This post covers who should watch the (deeper than usual) video "Climate Change: What We Know and How We Know It" by (Republican) geochemist Barry Bickmore, and what the talk addresses.
Climate videos aimed at the general public tend not to be satisfying to people who want to understand how the physics applies; but for these physics seekers, this video might fit the bill. Starting with some discussion of a "radiant energy bathtub" metaphor, Bickmore spends the first half hour going over climate physics, then goes on to cover estimating "the holy grail", climate sensitivity, & addressing possible natural & human causes of climate change.
Though informal, it is a lecture & not entertainment; but he covers a lot of ground in an hour & a half, and for those who want physics in their big picture, this video's likely to be ideal.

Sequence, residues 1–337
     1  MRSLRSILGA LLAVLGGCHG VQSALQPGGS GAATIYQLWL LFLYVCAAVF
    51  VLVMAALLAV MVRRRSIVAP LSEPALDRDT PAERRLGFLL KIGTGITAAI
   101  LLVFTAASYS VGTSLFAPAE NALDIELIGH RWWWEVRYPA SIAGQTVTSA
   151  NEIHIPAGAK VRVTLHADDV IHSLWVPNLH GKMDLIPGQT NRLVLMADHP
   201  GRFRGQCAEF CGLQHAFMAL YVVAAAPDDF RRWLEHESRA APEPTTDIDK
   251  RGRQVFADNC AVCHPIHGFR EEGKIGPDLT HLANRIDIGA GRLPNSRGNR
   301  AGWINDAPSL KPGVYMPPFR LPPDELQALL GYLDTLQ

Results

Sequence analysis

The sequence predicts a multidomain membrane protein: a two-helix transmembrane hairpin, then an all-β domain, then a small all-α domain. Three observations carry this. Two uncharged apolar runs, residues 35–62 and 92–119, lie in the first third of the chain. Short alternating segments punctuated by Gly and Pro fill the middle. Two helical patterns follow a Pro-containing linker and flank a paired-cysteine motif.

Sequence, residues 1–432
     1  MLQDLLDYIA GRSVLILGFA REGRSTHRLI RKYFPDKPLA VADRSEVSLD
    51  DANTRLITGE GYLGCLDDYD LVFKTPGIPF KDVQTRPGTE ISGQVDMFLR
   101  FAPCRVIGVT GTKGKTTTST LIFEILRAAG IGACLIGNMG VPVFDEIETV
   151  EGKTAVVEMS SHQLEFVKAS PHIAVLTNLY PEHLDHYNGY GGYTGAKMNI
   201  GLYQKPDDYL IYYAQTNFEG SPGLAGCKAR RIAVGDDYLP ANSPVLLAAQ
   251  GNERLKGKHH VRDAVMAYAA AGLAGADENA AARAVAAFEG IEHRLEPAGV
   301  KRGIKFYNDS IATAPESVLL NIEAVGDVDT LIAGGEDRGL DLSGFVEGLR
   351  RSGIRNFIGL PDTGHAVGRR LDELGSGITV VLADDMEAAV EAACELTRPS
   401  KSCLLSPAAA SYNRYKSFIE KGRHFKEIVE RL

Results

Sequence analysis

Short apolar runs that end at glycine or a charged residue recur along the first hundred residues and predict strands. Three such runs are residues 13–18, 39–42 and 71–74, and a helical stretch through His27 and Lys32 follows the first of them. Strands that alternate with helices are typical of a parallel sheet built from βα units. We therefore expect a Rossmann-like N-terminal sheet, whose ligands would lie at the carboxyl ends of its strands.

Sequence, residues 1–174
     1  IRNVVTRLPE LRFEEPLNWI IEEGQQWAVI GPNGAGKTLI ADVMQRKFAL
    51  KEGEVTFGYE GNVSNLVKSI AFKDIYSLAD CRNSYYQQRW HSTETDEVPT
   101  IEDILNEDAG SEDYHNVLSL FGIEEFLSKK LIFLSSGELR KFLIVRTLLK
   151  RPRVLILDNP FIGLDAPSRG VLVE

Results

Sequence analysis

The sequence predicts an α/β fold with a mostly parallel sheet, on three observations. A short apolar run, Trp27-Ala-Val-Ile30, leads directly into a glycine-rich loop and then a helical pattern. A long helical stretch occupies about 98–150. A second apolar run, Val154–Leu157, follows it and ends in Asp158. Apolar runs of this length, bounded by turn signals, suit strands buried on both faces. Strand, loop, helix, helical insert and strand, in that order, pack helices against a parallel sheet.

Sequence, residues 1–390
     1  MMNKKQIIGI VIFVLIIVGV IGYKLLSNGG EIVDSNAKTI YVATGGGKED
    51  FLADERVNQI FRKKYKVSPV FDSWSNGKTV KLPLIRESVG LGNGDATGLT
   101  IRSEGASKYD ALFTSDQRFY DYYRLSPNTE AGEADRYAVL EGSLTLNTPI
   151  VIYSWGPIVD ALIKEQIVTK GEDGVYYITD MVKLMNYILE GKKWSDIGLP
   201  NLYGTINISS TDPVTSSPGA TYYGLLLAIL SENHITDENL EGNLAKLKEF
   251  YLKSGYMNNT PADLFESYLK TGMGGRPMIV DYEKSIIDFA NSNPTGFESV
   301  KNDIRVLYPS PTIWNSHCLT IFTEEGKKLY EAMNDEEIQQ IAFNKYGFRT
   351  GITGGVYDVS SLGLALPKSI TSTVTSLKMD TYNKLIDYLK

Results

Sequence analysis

(In a comment there, I've noted which topic gets covered when, so if you just want to hear about, say, climate sensitivity, you can just navigate to that particular segment.)
If you like this one and want more, Richard Alley's 2009 AGU lecture "The Biggest Control Knob: Carbon Dioxide in Earth’s Climate History" is excellent; and David Archer's University of Chicago climate class lectures (recommended by others; I haven't watched) are available online too.